Mark A. Davenport was presented with the Center for the Enhancement of Teaching and Learning (CETL)/BP Junior Faculty Teaching Excellence Award at the Georgia Tech Faculty Staff Honors Luncheon, held on April 22 at the Student Center Ballroom. Davenport is an assistant professor in the School of Electrical and Computer Engineering (ECE).
Since joining Georgia Tech in 2012, Davenport has taught courses ranging from introductory undergraduate courses in signal processing and in probability and statistics, to advanced graduate courses that he has developed on subjects like statistical machine learning and harmonic analysis. These courses have varied in size from 15-20 students to as many as 100 students.
Davenport teaches courses covering theoretical topics and which are known for being mathematically rigorous. These subjects are known for invoking anxiety, or even dread, in many students, yet he consistently achieves the extraordinary feat of receiving teaching ratings in the 4.8-5.0 range from his students, according to ECE Associate Professor Justin K. Romberg. Much of this success can be attributed to his incorporating in-class activities where students work together to solve problems and reflect on their own about what they have learned through writing assignments.
Using this “semi-flipped” classroom format allows students to get a deeper and quicker understanding of the material and provides Davenport with feedback about concepts with which the students are struggling. As a researcher, he uses the electronic platform used for these in-class problem sets to collect data that help him and colleagues in cognitive science to understand better how students learn and retain mathematical concepts, according to ECE Associate Professor Christopher J. Rozell.
And students heartily endorse these methods. They say that Davenport has a knack for breaking down a difficult concept into its simplest parts while still respecting the integrity of the problem, all while making difficult subjects fun and enjoyable.
“It wasn’t just his ability to simplify, but [his] using different approaches and methods to appeal to various learning types,” said a student from ECE 3077–Probability and Statistics for ECEs.
“The way the professor interacts with students is truly unique. [He is] very approachable and friendly. [He has] an exceptional ability to impart enthusiasm about the topic to students (like me who had no prior background in the area), and promote further learning,” said a student from ECE 6254–Statistical Signal Processing and Analysis.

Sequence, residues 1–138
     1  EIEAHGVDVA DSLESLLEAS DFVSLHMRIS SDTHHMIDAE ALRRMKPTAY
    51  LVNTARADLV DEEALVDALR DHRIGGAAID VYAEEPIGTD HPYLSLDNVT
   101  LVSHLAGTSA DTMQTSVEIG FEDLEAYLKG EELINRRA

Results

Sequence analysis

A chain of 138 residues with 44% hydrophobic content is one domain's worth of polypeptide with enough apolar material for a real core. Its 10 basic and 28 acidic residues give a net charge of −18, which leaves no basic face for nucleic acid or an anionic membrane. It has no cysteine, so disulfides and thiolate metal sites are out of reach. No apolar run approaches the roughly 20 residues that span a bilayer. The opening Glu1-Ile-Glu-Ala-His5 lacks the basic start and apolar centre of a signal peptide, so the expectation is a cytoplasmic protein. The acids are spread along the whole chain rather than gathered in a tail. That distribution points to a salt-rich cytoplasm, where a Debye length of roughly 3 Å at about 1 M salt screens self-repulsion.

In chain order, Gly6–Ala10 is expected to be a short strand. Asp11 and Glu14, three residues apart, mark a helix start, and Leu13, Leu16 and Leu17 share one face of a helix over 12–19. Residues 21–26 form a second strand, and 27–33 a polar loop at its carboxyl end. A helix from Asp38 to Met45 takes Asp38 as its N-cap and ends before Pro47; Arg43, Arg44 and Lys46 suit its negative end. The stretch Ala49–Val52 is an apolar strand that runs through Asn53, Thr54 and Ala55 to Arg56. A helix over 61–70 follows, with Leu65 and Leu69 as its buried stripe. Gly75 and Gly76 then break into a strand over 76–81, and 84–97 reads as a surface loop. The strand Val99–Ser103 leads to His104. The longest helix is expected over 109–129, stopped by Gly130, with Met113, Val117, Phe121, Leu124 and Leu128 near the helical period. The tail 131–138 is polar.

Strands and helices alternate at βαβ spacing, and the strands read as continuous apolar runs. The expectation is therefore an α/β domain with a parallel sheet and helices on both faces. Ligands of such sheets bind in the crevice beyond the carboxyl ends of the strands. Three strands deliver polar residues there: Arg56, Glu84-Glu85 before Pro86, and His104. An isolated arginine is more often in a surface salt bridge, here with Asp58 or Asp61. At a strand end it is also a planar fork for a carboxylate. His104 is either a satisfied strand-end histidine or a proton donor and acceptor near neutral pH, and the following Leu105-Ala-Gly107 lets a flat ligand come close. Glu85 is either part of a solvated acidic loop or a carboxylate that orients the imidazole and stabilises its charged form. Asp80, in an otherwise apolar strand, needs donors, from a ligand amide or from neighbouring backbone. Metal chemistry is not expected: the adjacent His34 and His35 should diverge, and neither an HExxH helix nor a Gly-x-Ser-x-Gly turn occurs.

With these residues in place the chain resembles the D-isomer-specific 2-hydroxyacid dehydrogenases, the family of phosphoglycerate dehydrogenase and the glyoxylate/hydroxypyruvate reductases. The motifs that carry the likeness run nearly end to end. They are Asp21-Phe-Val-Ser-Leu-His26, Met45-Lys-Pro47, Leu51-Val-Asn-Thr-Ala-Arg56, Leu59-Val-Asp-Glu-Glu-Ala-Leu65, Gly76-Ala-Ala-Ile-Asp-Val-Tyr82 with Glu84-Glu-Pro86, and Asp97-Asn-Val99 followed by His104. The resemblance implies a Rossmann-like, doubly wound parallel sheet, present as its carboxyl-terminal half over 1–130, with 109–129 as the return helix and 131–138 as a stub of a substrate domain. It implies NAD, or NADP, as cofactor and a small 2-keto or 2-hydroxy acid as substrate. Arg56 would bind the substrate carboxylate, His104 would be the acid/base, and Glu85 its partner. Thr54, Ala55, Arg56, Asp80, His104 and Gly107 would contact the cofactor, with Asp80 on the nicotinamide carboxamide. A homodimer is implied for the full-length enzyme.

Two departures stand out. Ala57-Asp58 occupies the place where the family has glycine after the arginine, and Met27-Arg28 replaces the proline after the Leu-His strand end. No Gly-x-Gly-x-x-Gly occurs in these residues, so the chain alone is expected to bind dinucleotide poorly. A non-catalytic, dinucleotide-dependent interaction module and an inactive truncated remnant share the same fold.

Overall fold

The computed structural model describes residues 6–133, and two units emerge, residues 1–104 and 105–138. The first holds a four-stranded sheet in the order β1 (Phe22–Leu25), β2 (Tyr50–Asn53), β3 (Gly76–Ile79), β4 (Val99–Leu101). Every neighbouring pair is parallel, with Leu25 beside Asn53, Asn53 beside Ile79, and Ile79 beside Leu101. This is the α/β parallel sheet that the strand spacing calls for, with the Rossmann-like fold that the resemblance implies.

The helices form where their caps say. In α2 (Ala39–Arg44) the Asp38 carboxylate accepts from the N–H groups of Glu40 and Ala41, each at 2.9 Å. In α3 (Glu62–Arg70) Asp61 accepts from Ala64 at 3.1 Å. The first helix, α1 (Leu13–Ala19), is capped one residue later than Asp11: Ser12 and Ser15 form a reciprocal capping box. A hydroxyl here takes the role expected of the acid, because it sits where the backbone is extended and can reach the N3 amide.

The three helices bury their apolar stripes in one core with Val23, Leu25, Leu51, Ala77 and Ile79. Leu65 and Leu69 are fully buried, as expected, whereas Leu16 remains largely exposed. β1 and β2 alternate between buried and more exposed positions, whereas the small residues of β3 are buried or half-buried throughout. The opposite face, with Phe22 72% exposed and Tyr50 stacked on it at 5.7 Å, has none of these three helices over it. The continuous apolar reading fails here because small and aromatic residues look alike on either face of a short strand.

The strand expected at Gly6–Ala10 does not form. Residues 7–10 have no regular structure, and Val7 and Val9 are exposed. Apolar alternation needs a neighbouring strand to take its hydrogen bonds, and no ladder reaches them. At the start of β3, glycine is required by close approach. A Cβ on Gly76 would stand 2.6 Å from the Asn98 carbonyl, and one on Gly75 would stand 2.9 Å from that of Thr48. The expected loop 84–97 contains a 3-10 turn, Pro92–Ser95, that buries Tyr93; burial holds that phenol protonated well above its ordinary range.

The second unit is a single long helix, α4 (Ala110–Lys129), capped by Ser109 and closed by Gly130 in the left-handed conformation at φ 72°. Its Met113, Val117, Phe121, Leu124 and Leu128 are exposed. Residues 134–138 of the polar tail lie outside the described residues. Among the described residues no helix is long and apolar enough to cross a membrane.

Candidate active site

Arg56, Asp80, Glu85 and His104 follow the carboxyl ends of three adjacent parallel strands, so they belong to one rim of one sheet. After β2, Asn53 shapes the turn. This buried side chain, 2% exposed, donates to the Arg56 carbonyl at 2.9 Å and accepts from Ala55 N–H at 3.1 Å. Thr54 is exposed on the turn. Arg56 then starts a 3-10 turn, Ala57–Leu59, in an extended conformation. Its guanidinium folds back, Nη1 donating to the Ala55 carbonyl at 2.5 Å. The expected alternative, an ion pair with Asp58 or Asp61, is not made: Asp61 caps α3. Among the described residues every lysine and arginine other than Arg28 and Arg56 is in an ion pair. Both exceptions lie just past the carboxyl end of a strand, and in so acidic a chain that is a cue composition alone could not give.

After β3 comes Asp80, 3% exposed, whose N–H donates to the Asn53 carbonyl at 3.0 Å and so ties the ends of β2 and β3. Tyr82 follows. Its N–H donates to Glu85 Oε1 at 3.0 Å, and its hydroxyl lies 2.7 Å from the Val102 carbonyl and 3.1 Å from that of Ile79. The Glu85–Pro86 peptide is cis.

“Professor Davenport is very talented and made great efforts to adapt to what worked best for the students. He was fun and made a difficult subject enjoyable,” said a student from ECE 2026–Introduction to Signal Processing. “For instance, ‘Fourier Analysis’ sounded treacherous at first, but after his explanation, I was like ‘Oh…that’s it?’”
Davenport has already received multiple honors for his efforts, including the 2015 Lockheed Dean’s Excellence in Teaching Award. Also in 2015, he was awarded the Richard M. Bass/Eta Kappa Nu Outstanding Teacher Award, which is determined by a majority vote of the ECE senior class. He was also selected to participate in the Class of 1969 Teaching Fellows Program in 2014. As a part of this program, Davenport studied a variety of strategies for effective teaching and worked to incorporate various forms of improved student feedback into the graduate courses he teaches at Georgia Tech.
Beyond his classroom activities, Davenport advises six Ph.D. students and has worked with nine undergraduate students on independent research projects, including multiple President’s Undergraduate Research Awards Program recipients. Many of these undergraduate researchers took his classes and sought out ways to work with him further. Davenport is also a faculty associate for the Georgia Tech Grand Challenges Program, where he mentors a larger group of students from various majors, and is involved with outreach initiatives with the East Lake Foundation and Atlanta’s Charles R. Drew Charter School.
“Research universities exist in our society is to create knowledge. As a professor, I think that my job is to help guide students in acquiring the knowledge and skills that they need to become knowledge creators themselves, whether that takes place in the classroom, in a research setting, through mentoring programs, or in online forums,” Davenport said. “While there are many demands on a professor’s time, I believe that all of these activities ultimately boil down to the central role of teaching, both inside and outside of the classroom.”
Last revised November 14, 2016